3. Paint and let dry.
4. Decorate with stickers and glue on sticks for a “roof.” Let dry.
5. If you wish, add perches by poking holes under the “windows” and inserting sticks.
6. Scoop birdseed inside. Hang from a tree or bird feeder stand. As birds come, identify them, take pictures and talk about your sightings.
                                                                

“PICTURE YOURSELF” GIFT WRAP

It’s fun and easy to make this inexpensive personalized wrap using photos, markers and a copy machine or printer.

Start by sorting through photos stuffed away in albums and drawers, or browse through digital photos on your phone and computer. Choose your favorites, and then pick one of the following ideas to show off smiles, smirks and grins.

Andy Warhol-like wrap:

Inspired by Warhol’s technique of painting repeats of the same image of celebrities and objects such as the Campbell’s soup can, make a similar artistic collage from one of your photos. (For an example of Warhol’s painting, go online to www.wikipedia.org/wiki/andy_warhol and under “Contents,” click on “Paintings.”)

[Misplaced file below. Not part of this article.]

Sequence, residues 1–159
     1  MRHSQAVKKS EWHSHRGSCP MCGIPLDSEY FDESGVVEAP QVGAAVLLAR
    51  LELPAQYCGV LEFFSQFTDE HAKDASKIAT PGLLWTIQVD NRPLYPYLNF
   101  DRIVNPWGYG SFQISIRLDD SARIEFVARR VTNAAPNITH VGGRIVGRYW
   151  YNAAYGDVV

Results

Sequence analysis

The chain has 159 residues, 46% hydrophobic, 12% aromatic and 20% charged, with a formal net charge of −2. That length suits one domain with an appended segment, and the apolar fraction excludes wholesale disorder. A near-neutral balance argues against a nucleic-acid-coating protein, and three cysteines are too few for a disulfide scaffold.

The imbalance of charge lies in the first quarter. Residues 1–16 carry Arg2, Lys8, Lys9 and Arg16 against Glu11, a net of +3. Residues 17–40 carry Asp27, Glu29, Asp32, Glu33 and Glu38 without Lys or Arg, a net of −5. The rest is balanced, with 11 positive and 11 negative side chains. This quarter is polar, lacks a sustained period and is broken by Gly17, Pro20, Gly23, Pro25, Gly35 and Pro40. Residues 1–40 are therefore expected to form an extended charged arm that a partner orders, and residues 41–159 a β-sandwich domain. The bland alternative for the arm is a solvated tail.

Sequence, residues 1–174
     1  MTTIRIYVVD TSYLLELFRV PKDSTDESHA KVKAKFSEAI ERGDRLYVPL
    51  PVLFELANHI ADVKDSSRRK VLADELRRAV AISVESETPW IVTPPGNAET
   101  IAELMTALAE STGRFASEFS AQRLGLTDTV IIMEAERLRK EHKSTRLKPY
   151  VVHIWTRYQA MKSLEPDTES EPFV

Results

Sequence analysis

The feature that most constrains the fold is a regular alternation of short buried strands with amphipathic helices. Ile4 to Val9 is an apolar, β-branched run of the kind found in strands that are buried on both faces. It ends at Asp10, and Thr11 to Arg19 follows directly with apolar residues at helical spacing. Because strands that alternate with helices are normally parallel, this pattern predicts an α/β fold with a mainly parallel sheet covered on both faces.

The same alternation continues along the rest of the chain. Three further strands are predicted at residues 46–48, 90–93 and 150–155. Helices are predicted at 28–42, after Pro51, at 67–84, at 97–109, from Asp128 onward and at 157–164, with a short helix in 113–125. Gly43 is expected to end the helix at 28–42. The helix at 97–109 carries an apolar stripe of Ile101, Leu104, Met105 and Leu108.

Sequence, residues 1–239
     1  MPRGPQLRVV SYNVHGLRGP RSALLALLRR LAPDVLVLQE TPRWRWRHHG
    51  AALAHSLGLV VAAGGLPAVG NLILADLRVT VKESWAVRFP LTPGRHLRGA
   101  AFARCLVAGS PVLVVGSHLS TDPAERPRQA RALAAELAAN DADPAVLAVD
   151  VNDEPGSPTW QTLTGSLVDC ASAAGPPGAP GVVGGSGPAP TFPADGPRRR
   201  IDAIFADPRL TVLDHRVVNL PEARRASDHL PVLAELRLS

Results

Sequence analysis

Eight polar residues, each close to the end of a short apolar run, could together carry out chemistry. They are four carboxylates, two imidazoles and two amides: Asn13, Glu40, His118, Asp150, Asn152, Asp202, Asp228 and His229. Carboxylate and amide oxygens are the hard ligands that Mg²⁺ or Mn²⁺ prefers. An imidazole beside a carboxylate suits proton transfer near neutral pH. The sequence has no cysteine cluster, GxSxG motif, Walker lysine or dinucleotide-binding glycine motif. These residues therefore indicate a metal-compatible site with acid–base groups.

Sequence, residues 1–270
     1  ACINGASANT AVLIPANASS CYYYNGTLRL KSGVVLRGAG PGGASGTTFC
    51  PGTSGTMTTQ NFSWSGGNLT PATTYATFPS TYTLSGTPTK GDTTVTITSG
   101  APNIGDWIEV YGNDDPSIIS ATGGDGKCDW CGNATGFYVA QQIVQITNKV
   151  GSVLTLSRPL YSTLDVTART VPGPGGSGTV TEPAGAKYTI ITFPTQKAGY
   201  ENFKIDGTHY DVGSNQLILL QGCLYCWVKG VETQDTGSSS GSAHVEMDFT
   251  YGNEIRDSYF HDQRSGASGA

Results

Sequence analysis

Go to a photocopy store and make lots of black-and-white copies of one of your photos. Cut them out and trim off any excess white paper so that the prints are all the same size. Glue them together in rows on an 11-inch by 17-inch sheet. Photocopy the large sheet.

With markers, fill in some of the light spaces with bright colors to enhance the black-and-white images on the sheet. Set aside. Wrap a gift with plain paper from a recycled paper grocery bag. Trim the photo sheet to size, and glue it on the front or top. Add a ribbon or bow, if you wish.